Busing for School Desegregation
Busing for School Desegregation
In the 1954 landmark case Brown v. Board of Education , the Supreme Court ruled that segregated public schools (schools that separate black and white students) violated the constitutional right of equal protection for all citizens. A year after the Brown ruling, the Court convened again to determine how to desegregate, or end school segregation . (See also Desegregation of Public Schools .) The Court stated that desegregation should proceed with “all deliberate speed.” Federal district judges were instructed to examine school systems on a city-by-city basis to create plans to correct illegal segregation. Since this guidance was vague, many school systems remained segregated for years.
In the 1960s, civil rights lawyers from the National Association for the Advancement of Colored People (NAACP) filed lawsuits on behalf of black parents and children requesting the courts to require desegregation plans for individual cities. In a 1969 decision, Alexander v. Holmes County Board of Education, the Supreme Court indicated that it would no longer tolerate delays in school desegregation. But exactly how to desegregate schools remained a question until the Supreme Court ruled on the Swann v. Charlotte-Mecklenburg Board of Education case in 1971.
Swann v. Charlotte-Mecklenburg
The Charlotte-Mecklenburg school district included the city of Charlotte, North Carolina , and rural Mecklenburg County. Twenty-nine percent of the district's school-age children were black, most of them concentrated in one area of Charlotte. Schools in the district were essentially either all-white or all-black, and the all-black schools were more poorly equipped than the all-white schools. In 1965, NAACP attorney Julius LeVonne Chambers (1936–) initiated a lawsuit to end racial segregation in the Charlotte public schools. The first ruling in Swann v. Charlotte-Mecklenburg made only vague requirements for change. Initially, the school district adopted a plan that supposedly permitted students to transfer between schools if there were open places available. After these changes, though, only 490 of the 20,000 black students in the district attended schools that contained any white students, and most of these students were in one school that had only seven white students. The few black students who attempted to attend all-white schools were often attacked by mobs of angry whites.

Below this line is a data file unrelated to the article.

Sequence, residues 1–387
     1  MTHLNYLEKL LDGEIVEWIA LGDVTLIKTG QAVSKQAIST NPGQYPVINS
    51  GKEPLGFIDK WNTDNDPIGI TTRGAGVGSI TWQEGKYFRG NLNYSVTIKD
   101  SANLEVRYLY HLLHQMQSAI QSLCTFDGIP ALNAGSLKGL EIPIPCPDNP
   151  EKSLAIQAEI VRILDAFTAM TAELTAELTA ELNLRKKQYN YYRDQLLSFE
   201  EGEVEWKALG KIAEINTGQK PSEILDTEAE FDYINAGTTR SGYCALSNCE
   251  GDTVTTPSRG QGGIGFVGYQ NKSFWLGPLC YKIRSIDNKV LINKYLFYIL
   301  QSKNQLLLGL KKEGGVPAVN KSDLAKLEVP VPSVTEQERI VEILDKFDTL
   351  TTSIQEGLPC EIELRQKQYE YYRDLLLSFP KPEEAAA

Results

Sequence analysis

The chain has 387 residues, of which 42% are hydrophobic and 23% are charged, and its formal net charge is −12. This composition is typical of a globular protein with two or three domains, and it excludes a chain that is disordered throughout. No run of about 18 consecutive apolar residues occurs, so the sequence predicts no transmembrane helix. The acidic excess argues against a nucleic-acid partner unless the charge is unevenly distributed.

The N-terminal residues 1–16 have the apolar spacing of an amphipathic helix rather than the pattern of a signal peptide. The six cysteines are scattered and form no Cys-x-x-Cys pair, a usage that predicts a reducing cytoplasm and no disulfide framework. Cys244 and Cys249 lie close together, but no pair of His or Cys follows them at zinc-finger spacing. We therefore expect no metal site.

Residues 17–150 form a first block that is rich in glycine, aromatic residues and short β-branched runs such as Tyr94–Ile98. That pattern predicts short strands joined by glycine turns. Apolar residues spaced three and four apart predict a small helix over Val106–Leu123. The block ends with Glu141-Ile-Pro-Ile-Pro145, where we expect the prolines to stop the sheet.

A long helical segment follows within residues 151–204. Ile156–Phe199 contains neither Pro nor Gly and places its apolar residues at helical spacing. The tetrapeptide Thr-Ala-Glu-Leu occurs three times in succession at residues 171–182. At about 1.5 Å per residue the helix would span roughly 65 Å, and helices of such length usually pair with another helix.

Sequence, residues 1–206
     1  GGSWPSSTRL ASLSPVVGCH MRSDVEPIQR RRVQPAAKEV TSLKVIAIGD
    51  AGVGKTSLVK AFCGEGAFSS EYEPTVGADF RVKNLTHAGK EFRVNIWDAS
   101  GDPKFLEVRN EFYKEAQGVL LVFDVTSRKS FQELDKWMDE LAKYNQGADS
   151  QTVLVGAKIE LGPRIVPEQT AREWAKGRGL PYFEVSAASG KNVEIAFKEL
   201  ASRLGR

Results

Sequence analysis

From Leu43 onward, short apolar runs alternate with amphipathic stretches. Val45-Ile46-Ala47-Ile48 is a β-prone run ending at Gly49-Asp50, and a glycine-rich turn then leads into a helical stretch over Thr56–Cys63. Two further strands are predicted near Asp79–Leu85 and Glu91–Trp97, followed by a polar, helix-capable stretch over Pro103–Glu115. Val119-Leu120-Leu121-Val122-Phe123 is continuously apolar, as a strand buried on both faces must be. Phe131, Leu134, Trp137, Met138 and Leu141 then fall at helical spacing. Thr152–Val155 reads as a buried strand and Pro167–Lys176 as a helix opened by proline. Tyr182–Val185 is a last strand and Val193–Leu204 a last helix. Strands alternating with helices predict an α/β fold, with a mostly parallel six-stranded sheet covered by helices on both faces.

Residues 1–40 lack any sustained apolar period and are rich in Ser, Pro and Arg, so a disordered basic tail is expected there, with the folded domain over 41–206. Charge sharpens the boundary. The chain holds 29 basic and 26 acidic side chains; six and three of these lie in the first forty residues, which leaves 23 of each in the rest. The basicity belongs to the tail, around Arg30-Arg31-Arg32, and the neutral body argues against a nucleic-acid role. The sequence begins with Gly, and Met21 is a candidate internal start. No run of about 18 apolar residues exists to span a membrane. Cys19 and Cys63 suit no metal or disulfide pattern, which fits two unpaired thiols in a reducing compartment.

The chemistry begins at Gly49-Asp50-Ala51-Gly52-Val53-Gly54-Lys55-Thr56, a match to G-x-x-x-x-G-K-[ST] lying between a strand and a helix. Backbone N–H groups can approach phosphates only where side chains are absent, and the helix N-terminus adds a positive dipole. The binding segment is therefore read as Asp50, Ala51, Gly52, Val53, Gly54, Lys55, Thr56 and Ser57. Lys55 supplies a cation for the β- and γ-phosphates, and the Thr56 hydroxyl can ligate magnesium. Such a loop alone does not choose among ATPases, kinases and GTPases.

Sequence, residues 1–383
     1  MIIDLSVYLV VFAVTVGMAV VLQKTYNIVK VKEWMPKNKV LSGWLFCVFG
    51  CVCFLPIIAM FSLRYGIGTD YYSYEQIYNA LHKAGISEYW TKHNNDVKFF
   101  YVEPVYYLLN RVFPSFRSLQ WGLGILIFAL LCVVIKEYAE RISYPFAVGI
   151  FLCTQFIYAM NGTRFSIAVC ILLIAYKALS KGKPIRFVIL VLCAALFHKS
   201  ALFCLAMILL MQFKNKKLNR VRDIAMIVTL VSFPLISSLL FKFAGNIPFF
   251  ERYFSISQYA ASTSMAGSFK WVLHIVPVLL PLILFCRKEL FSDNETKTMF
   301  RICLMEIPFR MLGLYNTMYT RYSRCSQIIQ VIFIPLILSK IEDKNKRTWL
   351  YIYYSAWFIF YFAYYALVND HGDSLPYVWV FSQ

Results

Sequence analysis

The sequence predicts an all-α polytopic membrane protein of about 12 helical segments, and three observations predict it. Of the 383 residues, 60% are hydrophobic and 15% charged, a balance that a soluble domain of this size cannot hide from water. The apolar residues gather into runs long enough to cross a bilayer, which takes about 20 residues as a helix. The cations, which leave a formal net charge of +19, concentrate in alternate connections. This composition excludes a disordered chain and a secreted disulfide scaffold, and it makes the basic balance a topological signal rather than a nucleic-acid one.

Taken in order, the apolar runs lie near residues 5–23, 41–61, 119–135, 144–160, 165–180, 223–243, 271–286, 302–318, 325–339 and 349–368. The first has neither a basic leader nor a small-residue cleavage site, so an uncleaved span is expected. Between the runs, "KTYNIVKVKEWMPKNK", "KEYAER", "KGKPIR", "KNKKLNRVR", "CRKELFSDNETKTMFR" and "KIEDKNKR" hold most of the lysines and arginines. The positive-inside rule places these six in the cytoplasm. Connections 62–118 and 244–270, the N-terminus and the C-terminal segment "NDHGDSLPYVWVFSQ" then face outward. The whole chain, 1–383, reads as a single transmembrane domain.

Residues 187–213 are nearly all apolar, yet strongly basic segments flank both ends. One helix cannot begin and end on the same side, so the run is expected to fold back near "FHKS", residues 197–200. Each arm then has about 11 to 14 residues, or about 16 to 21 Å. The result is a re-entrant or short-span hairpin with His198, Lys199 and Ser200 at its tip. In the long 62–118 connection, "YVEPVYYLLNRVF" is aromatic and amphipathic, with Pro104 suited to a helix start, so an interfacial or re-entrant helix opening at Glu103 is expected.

Chambers filed another legal action in 1969. Federal District Judge James B. McMillan (1916–1995) found that the Charlotte schools were still illegally segregated. With the assistance of education consultants, McMillan developed and imposed a desegregation plan in the public schools that involved transporting white children to previously all-black schools and black children to previously all-white schools to achieve desegregation. By mixing black children and white children in every school building, the school officials would no longer be able to provide adequate educational resources only for white students. Since blacks tended to live in one area of the city, this required transporting the children.